f) But it should be pointed out that one is perfectly entitled to receive the "single person discount" if one does not live alone, and the presence of a second adult for whom one is in receipt of child benefit does not affect entitlement to a "single person discount".

You may be aware that the Audit Commission and various other bodies use data mining to draw up statistically based lists of people who might turn out after investigation not to be entitled to a 25% discount. The process works by elimination: you eliminate cases, often by requiring people to prove they are entitled. Often this involves getting them to prove that an adult about whom the council tax department knew nothing (and whose existence there is no obligation on the taxpayer to tell the CT department about) falls to be disregarded. I suppose they will be eliminating fraud suspects, or deciding that people are 'innocent' using child benefit data from now on. You may not even know you were investigated or identified as a potentially inconsistent case requiring investigation on the say so of the Audit Commission. Councils often claim that these investigations are 'merely reviews' and cite Regulation 14 as empowering them to carry them out. Regulation 14 is a 'discretionary' power subject to the usual public law tests of reasonableness.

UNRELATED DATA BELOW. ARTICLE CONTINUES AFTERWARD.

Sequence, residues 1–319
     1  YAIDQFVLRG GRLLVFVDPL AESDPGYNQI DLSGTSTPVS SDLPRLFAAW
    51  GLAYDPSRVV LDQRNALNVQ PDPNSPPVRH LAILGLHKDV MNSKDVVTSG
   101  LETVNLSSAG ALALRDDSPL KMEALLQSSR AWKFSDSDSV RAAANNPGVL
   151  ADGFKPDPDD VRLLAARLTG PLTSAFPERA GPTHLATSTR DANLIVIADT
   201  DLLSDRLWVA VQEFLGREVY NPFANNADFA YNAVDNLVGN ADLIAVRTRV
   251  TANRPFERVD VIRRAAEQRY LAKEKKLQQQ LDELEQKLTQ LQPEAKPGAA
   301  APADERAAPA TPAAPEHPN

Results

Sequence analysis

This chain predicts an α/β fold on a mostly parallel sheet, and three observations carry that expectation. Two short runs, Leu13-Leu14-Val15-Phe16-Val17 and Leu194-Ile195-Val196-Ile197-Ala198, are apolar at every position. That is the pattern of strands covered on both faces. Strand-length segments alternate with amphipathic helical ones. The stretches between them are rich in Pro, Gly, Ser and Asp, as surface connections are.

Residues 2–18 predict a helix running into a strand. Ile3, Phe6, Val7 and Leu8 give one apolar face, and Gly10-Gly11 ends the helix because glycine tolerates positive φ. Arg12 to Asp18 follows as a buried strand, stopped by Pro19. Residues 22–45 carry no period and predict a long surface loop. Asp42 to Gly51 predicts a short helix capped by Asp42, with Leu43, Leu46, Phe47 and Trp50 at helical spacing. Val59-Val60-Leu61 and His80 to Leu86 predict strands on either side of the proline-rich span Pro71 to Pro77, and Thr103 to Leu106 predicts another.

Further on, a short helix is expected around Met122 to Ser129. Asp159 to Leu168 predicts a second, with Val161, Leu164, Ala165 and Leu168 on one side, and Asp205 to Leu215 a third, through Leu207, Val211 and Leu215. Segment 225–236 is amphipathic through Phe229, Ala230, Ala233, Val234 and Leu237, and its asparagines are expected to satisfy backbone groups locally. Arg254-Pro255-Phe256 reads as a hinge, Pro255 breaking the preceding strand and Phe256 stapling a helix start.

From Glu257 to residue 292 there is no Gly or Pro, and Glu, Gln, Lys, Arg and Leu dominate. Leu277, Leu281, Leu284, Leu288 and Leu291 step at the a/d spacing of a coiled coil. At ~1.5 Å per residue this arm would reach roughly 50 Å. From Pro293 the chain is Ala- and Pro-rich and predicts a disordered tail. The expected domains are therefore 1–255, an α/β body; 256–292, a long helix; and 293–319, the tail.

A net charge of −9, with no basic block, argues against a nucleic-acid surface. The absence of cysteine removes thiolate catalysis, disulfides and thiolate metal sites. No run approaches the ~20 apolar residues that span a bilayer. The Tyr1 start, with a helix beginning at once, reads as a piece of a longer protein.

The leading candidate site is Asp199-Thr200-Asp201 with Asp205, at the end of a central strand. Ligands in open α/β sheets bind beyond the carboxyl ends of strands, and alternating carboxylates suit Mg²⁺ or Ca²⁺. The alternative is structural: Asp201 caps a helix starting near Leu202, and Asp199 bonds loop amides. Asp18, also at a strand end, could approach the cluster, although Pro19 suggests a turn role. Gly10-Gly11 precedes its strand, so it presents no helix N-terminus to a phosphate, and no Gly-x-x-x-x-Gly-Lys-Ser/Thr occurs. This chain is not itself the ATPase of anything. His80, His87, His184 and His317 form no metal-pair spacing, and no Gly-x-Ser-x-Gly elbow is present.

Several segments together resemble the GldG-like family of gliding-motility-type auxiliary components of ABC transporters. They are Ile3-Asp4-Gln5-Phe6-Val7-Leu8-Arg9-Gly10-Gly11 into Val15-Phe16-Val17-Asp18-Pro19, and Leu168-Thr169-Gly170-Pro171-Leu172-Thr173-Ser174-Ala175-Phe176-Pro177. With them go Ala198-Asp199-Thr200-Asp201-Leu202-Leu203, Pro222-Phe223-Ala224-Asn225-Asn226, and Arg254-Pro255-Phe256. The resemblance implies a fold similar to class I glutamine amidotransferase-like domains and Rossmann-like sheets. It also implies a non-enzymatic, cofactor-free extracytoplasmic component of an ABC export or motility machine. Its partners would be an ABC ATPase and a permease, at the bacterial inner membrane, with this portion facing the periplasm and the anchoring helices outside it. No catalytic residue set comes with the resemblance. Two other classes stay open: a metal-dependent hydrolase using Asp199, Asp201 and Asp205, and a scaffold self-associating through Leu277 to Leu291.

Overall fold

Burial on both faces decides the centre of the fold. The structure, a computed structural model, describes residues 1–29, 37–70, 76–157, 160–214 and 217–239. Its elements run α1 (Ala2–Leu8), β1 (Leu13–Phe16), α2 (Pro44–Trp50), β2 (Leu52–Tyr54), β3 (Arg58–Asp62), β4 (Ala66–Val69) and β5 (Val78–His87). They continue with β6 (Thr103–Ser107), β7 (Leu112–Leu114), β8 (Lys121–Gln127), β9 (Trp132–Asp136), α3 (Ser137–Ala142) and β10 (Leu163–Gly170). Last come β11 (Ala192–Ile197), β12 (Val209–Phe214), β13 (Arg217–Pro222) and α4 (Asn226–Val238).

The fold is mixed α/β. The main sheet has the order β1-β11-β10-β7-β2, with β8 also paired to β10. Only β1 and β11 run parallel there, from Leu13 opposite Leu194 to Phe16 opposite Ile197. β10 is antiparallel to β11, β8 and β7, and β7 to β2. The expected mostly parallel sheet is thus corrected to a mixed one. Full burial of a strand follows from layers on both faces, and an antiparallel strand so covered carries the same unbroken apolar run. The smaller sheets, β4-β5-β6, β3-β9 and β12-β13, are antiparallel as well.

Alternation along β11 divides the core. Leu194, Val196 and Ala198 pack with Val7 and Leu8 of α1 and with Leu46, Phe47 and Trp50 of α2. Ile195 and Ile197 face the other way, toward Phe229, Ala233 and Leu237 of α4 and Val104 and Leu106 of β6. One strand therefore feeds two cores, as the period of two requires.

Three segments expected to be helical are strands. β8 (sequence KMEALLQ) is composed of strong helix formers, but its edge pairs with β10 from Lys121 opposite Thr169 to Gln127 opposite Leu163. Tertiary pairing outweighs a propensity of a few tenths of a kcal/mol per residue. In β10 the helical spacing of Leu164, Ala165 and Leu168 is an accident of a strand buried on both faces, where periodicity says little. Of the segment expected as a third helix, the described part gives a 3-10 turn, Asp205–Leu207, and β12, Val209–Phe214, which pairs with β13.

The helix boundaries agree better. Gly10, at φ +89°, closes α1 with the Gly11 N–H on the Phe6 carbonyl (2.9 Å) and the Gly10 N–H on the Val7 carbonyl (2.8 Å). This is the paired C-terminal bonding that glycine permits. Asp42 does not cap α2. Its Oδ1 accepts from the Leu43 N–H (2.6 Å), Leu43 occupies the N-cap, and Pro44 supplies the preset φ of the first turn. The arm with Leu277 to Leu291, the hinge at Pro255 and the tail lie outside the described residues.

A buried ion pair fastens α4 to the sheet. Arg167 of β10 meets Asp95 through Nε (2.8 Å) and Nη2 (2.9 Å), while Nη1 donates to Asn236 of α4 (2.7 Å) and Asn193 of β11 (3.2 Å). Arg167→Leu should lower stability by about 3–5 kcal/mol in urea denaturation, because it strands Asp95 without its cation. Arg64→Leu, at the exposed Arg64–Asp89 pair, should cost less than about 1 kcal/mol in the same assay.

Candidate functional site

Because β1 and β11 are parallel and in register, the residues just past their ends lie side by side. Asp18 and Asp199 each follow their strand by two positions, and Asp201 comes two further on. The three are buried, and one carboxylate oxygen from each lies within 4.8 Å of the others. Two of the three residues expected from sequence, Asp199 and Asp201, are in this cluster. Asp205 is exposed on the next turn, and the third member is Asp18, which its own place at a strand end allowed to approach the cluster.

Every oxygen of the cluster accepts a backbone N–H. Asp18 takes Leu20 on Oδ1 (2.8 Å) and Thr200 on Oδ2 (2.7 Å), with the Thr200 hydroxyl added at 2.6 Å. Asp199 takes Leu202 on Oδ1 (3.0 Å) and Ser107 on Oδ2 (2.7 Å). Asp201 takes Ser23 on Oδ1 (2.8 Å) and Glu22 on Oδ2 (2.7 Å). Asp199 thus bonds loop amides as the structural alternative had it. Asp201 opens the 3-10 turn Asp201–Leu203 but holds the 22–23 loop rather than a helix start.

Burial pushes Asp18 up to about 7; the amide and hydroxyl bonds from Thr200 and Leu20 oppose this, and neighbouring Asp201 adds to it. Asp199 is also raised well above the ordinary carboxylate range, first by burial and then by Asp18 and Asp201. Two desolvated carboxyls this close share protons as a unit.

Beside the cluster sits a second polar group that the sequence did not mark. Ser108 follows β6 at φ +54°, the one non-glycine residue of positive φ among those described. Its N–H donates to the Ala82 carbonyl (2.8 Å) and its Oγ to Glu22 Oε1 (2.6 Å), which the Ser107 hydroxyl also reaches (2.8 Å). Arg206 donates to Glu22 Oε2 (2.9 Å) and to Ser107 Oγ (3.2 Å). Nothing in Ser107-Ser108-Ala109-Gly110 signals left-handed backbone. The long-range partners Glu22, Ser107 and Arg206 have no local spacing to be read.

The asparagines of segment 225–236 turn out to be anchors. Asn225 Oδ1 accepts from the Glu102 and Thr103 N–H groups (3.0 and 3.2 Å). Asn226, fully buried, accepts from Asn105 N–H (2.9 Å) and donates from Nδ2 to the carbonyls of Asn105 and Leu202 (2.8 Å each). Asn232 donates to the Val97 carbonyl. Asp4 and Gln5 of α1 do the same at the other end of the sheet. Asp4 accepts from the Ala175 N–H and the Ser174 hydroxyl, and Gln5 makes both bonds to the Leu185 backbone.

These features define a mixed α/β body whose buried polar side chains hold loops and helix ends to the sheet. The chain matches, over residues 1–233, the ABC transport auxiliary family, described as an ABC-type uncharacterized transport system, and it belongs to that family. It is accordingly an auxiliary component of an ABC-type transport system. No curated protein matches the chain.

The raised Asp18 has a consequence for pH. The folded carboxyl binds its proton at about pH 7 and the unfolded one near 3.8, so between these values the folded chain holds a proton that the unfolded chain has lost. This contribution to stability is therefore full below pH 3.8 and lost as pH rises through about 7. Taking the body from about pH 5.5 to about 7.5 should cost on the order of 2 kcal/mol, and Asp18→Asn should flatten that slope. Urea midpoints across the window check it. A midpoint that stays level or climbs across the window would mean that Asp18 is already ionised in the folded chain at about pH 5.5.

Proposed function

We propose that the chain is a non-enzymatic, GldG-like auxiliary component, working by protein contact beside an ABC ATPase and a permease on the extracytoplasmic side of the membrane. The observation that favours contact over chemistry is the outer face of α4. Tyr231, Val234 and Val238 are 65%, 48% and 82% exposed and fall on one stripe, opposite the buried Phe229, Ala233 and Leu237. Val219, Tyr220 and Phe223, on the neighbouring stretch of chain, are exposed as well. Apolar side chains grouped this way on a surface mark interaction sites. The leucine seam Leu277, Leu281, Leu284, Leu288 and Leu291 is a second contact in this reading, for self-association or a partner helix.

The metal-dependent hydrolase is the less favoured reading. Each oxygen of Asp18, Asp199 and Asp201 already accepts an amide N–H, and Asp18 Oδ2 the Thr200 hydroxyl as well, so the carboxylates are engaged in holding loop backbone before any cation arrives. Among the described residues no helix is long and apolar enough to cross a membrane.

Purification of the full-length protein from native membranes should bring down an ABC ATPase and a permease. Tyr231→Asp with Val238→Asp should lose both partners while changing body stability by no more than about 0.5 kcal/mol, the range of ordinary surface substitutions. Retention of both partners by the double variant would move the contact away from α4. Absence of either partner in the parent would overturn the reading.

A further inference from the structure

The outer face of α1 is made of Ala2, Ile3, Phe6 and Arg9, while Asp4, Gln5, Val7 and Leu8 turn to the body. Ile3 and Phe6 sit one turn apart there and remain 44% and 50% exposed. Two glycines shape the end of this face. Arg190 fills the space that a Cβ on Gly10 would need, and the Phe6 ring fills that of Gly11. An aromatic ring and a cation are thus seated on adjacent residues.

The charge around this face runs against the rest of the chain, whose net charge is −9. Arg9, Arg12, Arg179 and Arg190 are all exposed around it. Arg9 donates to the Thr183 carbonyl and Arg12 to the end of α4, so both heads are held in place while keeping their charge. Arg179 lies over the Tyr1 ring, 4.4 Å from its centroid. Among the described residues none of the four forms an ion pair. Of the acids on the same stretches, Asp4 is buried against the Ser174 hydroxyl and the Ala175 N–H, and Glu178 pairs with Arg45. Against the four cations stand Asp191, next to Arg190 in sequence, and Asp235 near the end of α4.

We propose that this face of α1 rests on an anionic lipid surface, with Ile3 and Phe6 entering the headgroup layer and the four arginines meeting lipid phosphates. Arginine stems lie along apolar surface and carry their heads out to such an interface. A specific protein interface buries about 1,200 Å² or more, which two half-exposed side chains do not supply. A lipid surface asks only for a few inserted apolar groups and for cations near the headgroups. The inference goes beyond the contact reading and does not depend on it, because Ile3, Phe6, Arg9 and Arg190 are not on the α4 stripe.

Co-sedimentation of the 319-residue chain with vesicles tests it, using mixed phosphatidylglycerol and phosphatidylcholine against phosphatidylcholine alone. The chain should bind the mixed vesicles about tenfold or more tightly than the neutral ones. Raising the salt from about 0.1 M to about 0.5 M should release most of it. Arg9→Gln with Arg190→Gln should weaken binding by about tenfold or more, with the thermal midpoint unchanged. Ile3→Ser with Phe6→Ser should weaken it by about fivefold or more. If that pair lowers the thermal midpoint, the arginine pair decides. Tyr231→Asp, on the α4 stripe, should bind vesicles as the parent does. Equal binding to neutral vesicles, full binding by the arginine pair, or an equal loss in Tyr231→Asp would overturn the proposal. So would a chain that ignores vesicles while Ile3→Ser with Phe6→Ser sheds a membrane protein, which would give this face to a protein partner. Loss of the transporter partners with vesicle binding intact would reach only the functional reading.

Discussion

g) the other purpose 'related' to council tax may well be the statutory duty mentioned often by the Audit Commission in the past of ensuring council tax accounts are free from mistakes caused by fraud or error, in which case the Audit Commission would no doubt be demanding this data to be uploaded to its NFI super duper data base were it not being disbanded. It is this sort of argument which got the Audit Commission access to the full electoral register, which it currently uses to identify hundreds of thousands of innocent entitled people as being in 'potentially inconsistent' situations and to try to force councils to subject each and every case to an investigation. This is argued to be legal on an 'end justifies the means' basis. If, at the end of the day, some fraud is found, and if, the set of people is believed in advance on a priory grounds to be a set in which some fraud exists, then any processing, date matching per se or processes more like data mining and statistically based are seen to be acceptable.

So this may be how they will assert that using child benefit data helps.

There must be a dedicated data matching and data mining Commissioner specifically empowered to check the meta data and other rationals for data matching and data mining exercises. And he must have no connection with the big IT boys and credit reference agencies who are already making big bucks on a no win no fee basis for this sort of 'anti fraud' initiative.

I hope you are watching out for the upcoming law transferring the NFI elsewhere. Eric Ollerenshaw MP has said he will keep a watching brief. We can live in hope that some sort of curb on these matters will appear, but it is unlikely.